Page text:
Introducing an improved Deezer experience on Xbox: access your favorite songs directly while playing

Until now, users only had access to the Deezer mini player on the Xbox guide. With our latest update, we’ve added a new feature to help our users quickly find the best soundtrack while playing.

A little context

The Xbox Guide

By pressing the Xbox button on your controller, you access the Xbox Guide. This is the quickest way for you to find out what your friends are up to, check your messages and notifications and view your most recently used apps and games.

What is the Enhanced Background Music (EBM) feature?

Our updated application brings improved background music control support. Previously, our player allowed users to access media controls (play, pause, next, previous) and displayed the current track’s cover.

Now, Deezer (since version displays up to 20 additional playlists right under the media controls, making it easier for users to quickly access recently played contents, their music library and their Flow.

During your next game session, open the Xbox guide and select a new playlist to start listening to it!

The magic behind the curtains

We first need to register the EBM feature in the package manifest (which contains the app’s package identity and dependencies, required capabilities, etc). We also need to specify the name of the app service that our application uses to implement the feature. This app service enables the EBM feature to wake up our app in the background and start a direct line of communication with it. App Services can now run in the same process as the foreground application, which makes communication between apps a lot easier to handle.

The Xbox guide without the EBM enabled

Let’s modify our manifest:

<uap3:Extension Category="windows.appExtension">
<uap3:AppExtension Name="ms-xbox-backgroundmusicplaylists"
<uap3:Extension Category="windows.appService">
<uap3:AppService Name="Your_AppService_Name" />

When the user navigates through Deezer in the Xbox Guide, the EBM feature enumerates apps that are registered to support it (the ms-xbox-backgroundmusicplaylistsextension in our case).

Once a compatible app is found, it will look for the associated service and then start communicating through it, allowing our app to know that actions have been made by a user. Here is the list of actions to be performed:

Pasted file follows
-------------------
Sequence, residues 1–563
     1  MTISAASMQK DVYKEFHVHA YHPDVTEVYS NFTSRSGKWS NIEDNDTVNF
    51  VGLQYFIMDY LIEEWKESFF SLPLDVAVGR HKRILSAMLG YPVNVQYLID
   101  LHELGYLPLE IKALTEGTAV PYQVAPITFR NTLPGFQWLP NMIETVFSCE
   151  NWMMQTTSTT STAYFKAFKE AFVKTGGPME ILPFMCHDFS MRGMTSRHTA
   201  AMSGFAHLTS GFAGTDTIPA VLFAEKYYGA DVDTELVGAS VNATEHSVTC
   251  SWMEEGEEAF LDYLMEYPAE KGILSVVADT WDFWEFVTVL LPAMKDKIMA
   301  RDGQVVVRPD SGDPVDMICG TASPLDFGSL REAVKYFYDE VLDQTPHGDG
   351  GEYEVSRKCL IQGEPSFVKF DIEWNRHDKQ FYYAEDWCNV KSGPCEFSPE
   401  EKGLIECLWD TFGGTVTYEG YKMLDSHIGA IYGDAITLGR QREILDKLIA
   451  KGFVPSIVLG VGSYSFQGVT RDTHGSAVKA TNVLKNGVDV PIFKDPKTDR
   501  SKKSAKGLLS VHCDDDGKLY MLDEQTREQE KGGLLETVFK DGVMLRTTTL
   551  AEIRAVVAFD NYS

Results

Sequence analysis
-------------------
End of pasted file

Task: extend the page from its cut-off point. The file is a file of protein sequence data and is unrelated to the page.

• The user wants to access the list of media contents: our service will fetch the user’s data
  • The user selects a playlist: our service will display the tracklist in a second panel
  • The user wants to play a content: our service will start the stream

Implementing the service

When the service is spun up from the Xbox Guide, it triggers a BackgroundActivatedevent that we can catch into our App class:

void App.OnBackgroundActivated(BackgroundActivatedEventArgs args)

This is our entry point to communicate with our App Service.

At this point, we have all the information in the BackgroundActivatedEventArgs:

  • We have the TriggerDetails:
AppServiceTriggerDetails appServiceDetails = args.TaskInstance.TriggerDetails as AppServiceTriggerDetails;
  • We have the deferral (that we saved to keep the communication opened):
_backgroundDeferral = _backgroundInstance.GetDeferral();
  • We also have access to events to manage the state of our service:
_backgroundInstance.Canceled -= OnAppServiceCanceled;
appServiceDetails.AppServiceConnection.ServiceClosed -= OnAppServiceConnectionClosed;
appServiceDetails.AppServiceConnection.RequestReceived -= OnAppServiceRequestReceived;

Handling requests and responses

When our app receives a request, we get a ValueSet of data that we can parse to get the wanted information. Here, we look for a ServiceMethod parameter key.